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Joint & Several Liability Reform

Reforming Joint & Several Liability

Joint and several liability is a component of tort law in Ontario that allows a plaintiff to recover the entire claim for damages from one of several negligent defendants. Simply put, if one of the parties is 50% responsible for the loss, (meaning her/his several liability is 50%) but is unable to pay that portion of the damages, the injured party can collect the remaining damages from the other negligent parties, who are "jointly" liable to the plaintiff for the loss. This concept is established in the Ontario Negligence Act.

Currently, joint and several liability unfairly burdens Ontario municipalities, who are seen as deep-pocketed defendants in lawsuits. As a result, municipal insurance premiums continue to skyrocket. This diverts municipal funds from other essential municipal services and programs, and forces councils to raise property taxes.

Despite numerous failed attempts to reform this aspect of tort law, to date, the Minimum Maintenance Standards (MMS) remains the only relief provided by the provincial government. However, since its inception, the MMS has been under constant attack from defendants trying to circumvent the protection that it affords municipalities.

The principles contained in joint and several liability have long been established as tenets of Canadian law. OGRA therefore believes that there is room to reform joint and several liability while still maintaining it. Building on the efforts of other reform initiatives in Canada, any reform of joint and several liability should incorporate the following principles:

  • proportionate liability where a plaintiff is contributorily negligent;
  • proportionate liability where a defendant is a "peripheral wrongdoer" – a defendant whose fault is limited and secondary when compared to that of other defendants; and
  • the proportionate reallocation of the uncollected share of a damages award attributed to an insolvent defendant.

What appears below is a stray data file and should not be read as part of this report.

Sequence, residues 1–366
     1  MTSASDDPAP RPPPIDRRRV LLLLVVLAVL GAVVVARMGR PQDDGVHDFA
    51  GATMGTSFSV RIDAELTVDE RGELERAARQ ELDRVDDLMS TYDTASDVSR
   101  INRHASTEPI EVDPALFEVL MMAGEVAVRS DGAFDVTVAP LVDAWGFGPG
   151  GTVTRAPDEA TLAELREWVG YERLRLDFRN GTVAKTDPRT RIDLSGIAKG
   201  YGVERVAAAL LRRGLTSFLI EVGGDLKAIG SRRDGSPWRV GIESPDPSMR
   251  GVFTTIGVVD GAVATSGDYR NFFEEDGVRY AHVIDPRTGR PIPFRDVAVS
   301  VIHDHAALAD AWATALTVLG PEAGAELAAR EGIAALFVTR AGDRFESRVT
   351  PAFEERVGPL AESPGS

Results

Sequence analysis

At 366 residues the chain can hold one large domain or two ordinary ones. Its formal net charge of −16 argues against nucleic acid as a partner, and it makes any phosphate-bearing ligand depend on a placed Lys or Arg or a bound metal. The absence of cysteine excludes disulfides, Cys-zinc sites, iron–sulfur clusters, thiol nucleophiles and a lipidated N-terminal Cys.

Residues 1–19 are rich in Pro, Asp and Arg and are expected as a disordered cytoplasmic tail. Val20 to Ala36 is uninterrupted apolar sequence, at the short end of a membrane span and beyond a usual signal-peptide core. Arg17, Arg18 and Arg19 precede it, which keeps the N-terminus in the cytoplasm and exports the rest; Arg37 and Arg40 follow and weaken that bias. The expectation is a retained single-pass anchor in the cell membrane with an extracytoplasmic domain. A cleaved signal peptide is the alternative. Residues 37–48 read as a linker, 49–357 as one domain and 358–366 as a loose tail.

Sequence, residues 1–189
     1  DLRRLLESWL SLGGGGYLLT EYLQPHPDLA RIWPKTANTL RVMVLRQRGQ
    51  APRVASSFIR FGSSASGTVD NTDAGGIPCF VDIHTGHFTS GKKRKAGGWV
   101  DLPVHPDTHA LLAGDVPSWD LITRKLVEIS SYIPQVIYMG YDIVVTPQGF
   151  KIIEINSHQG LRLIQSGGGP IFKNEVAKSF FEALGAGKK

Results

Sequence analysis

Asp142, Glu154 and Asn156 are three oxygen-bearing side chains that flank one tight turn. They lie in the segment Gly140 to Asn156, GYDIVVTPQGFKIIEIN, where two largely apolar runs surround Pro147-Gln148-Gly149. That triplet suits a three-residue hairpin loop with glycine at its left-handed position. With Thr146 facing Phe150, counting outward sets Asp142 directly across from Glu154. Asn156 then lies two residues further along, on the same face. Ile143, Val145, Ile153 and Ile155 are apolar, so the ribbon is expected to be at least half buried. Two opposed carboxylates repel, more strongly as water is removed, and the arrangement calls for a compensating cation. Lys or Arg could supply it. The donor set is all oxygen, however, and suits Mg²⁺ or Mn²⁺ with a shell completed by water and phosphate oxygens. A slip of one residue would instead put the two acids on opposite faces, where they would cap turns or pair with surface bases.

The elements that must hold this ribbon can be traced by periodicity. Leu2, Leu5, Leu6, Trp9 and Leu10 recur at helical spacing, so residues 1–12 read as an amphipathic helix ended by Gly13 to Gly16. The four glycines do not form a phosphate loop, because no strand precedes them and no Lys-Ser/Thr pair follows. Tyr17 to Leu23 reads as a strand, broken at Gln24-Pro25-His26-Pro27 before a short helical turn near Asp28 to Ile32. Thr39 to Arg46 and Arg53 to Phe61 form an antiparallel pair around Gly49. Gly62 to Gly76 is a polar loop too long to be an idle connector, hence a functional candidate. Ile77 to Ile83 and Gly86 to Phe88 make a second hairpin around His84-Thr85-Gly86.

A reform predicated on these principles will ensure that the benefits of joint and several liability are retained. It will also align such a reform with the other significant precedents where joint and several liability was amended.

Although joint and several liability has been reformed significantly in the United States – it was abolished completely in Alaska, Arizona, Kansas, Utah, Vermont, Oklahoma and Wyoming – Canadians have been more reluctant to undertake reform.

Nonetheless, joint and several liability has already been amended in Saskatchewan. Known as the Saskatchewan Model, this modification of joint and several liability was adopted in 2004. Where there is a shortfall due to one defendant being insolvent and the plaintiff’s own negligence contributed to the harm, the shortfall is to be divided among the remaining defendants and the plaintiff in proportion to their fault. In Ontario, amendments were made eliminate the application of joint and several liability as it applies to car leasing companies.

This model would apply to all types of defendants in all types of negligence claims.

In February 2019, the Government of Ontario announced it was beginning consultations on reform. OGRA continues to monitor the progress being made.